Repairing your glove:
There is a great deal of information needed when repairing your glove. Despite the high durability and long lasting feel that come standard on most of today’s high-quality gloves, the extensive use and constant abuse that it is subject too will inevitably result in messing up the laces or breaks in the webbing. For the uneducated player, these problems will prompt them to search for a new glove. For those that seek to know more about their equipment and want to increase the life span of their gloves there is a lot you need to do.
The first step is understanding what you need to fix the problems. Then to learn how to properly treat them.
One of the ways to substantially improve your glove’s durability and feel is to re-lace it. Re-lacing a glove can sound like a daunting task and perhaps, not even worth the time. The reality is that re-lacing the glove is not very time consuming but far from an impossible task. Even for the amateur or inexperienced glove owner.
The first step in repairing a broken or beaten up glove is to purchase tools for re lacing. The first purchase a player or parent should make is, of course, replacement laces. Laces usually come in 72 inch lengths in order to accommodate a glove of any size or pattern. Also to leave plenty of slack to easier thread it through the proper holes. For that extra slack you should also have a knife on hand to cut off any excess leather. For traditional gloves, 3 or 4 72-inch laces should be a good amount. Gloves that feature trapeze webbings as well as catchers and first basemen’s mitt, it will be necessary to have 2 or 3 extra laces. You need them to accommodate the more intricate designs and larger overall size. All these are important when repairing your glove.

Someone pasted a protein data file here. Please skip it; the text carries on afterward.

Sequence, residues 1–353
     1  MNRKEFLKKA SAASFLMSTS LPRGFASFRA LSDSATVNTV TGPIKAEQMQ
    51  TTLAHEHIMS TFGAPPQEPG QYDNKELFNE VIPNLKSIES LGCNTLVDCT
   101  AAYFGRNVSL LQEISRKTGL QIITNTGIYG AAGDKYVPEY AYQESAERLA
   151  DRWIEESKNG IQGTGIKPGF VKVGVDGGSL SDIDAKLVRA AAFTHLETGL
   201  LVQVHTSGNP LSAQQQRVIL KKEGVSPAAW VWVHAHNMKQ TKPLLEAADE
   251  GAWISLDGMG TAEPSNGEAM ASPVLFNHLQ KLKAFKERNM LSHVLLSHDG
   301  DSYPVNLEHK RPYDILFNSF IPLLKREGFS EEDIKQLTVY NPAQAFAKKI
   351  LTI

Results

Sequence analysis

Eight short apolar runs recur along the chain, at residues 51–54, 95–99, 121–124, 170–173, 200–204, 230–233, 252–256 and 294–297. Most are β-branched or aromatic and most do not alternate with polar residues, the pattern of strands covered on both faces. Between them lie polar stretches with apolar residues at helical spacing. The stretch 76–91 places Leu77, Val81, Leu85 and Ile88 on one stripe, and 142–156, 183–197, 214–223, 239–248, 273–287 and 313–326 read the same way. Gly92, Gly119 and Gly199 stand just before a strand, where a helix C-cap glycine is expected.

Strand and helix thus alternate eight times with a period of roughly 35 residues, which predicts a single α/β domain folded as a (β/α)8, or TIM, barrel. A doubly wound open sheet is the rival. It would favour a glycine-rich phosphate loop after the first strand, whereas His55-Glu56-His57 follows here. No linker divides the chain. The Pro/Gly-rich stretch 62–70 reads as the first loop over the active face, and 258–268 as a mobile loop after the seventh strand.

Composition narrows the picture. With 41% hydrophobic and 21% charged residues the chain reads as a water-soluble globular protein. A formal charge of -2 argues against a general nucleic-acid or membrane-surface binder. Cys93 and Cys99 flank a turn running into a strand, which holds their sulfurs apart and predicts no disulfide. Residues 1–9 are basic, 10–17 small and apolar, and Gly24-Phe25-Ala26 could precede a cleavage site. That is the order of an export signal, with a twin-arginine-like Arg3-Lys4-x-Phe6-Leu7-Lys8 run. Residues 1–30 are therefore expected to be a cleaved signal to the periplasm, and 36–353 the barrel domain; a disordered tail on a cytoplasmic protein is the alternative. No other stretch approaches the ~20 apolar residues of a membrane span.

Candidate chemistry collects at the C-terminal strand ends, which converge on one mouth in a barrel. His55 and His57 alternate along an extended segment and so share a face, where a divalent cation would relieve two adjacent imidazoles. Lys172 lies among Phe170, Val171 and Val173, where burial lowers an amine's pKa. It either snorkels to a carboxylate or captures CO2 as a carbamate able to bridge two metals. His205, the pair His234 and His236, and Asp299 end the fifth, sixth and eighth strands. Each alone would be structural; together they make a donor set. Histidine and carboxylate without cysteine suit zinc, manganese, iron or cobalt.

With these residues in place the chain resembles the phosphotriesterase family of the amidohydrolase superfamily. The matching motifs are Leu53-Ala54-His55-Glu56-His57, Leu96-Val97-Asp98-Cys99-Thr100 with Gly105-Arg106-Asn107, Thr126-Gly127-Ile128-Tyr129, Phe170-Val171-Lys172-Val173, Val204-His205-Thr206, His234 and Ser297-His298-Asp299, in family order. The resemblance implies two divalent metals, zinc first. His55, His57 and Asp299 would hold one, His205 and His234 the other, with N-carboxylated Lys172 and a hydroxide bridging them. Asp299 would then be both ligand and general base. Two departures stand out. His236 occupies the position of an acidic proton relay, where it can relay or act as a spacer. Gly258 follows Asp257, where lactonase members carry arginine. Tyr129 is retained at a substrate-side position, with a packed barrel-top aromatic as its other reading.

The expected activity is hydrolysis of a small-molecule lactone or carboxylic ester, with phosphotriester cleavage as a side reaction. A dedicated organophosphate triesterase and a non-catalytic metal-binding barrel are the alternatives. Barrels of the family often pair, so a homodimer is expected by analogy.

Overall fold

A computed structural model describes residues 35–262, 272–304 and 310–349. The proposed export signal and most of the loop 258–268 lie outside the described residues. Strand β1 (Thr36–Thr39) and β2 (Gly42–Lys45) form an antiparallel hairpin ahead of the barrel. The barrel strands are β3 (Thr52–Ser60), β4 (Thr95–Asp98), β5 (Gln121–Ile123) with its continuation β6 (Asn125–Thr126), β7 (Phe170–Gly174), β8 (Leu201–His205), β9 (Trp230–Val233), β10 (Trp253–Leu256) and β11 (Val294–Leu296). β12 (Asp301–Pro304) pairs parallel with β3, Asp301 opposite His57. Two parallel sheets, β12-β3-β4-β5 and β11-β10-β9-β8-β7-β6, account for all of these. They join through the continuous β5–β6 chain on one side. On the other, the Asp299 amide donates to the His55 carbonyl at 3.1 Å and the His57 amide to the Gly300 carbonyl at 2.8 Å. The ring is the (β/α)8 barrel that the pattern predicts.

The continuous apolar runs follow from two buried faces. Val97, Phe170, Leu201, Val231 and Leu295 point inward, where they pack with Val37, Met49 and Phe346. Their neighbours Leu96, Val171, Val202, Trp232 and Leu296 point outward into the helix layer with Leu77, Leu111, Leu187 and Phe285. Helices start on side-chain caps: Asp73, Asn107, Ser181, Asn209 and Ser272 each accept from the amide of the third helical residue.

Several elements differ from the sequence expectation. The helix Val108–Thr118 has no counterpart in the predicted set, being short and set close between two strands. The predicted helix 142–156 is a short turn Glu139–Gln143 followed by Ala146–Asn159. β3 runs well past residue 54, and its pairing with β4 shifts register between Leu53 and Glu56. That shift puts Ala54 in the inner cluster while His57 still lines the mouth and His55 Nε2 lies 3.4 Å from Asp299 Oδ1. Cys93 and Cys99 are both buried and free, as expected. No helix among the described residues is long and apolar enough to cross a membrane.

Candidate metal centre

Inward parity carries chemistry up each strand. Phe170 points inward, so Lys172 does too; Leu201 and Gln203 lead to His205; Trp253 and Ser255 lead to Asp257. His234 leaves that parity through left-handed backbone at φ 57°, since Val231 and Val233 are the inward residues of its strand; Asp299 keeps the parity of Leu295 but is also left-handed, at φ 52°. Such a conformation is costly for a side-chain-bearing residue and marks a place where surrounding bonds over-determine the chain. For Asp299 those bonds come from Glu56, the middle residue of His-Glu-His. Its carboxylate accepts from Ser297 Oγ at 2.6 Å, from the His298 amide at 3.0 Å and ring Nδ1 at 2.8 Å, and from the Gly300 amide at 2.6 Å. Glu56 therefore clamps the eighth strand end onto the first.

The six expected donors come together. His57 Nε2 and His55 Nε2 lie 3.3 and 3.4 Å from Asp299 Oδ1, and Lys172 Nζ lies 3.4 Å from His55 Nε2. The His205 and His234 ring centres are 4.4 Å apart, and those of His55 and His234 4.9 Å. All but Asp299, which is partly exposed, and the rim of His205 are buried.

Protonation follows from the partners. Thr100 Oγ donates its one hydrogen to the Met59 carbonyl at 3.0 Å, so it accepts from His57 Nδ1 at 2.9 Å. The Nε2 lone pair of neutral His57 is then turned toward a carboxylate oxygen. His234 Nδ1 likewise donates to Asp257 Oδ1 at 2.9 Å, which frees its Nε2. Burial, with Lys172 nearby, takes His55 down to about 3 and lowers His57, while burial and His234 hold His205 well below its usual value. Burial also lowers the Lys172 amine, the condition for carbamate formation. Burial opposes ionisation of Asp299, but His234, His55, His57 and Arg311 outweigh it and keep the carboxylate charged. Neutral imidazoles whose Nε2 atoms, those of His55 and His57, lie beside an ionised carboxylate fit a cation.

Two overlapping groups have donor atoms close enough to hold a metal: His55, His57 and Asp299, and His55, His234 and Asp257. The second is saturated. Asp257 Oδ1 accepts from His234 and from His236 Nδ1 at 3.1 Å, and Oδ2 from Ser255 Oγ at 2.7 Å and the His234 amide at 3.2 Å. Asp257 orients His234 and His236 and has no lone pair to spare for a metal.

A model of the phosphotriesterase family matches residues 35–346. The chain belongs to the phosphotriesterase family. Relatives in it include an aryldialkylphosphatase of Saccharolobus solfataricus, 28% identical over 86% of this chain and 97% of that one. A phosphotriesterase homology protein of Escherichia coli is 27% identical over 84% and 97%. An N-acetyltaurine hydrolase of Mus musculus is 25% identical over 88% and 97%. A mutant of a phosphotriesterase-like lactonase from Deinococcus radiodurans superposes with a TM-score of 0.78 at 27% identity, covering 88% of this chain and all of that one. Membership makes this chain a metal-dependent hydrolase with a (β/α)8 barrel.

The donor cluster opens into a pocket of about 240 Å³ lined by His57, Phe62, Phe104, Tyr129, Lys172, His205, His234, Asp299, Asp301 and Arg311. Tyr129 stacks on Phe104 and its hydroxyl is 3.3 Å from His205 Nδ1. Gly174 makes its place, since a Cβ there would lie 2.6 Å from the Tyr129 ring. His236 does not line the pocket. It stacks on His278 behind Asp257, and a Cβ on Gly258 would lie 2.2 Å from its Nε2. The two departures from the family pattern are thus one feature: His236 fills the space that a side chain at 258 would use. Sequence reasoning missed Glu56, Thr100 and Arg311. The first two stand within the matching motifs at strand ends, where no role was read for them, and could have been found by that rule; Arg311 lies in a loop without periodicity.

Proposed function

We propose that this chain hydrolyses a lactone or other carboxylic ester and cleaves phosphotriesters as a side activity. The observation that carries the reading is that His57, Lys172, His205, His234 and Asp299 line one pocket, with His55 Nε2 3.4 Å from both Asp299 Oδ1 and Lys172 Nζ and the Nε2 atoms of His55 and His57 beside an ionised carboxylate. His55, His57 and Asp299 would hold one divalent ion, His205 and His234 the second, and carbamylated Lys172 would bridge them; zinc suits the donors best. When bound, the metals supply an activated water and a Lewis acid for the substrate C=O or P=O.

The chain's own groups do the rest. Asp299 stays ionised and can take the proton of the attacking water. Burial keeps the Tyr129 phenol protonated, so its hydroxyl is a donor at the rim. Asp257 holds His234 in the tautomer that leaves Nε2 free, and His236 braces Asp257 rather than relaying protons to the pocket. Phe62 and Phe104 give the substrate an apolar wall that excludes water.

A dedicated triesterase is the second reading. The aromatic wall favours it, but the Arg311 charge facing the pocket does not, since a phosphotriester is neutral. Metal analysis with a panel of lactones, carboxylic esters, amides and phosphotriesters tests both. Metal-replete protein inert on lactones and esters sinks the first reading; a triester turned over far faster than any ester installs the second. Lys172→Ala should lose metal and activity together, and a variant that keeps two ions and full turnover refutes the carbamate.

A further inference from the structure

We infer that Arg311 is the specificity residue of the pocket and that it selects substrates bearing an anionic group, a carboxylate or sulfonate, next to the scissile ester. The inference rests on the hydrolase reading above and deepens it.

The only true way to properly lace a glove is through the use of a U-Wire or straight-lace groove needle. The replacement laces can be safely put on the U-Wire or needle that are then put through the proper holes. It is important that throughout the process, especially for those that are new to it, to take pictures of the glove. This will help you keep track of what the gloves should look like. You should also have a picture on hand of what the glove looked like before the process. As you want the glove to look and feel almost exactly as it did before the process started.
The re-lacing process can also be an ideal opportunity to sure up the leather construction as whole.
When all of the laces are off, take the opportunity to use glove-specific conditioners. With these lightly lather the leather especially around the areas that would otherwise be difficult to maneuver around with all the laces in tact. With glove conditioners, only lightly layer over the top of the leather. so to avoid adding unwanted excess weight or damaging the pores of the leather.Conditioner or oil should also be lathered over the replacement laces so they can be more easily run through the glove holes. The conditioner not only makes the threading that much simpler, it also softens the feel. On top of this it improves the overall health of the leather. Good Luck repairing your glove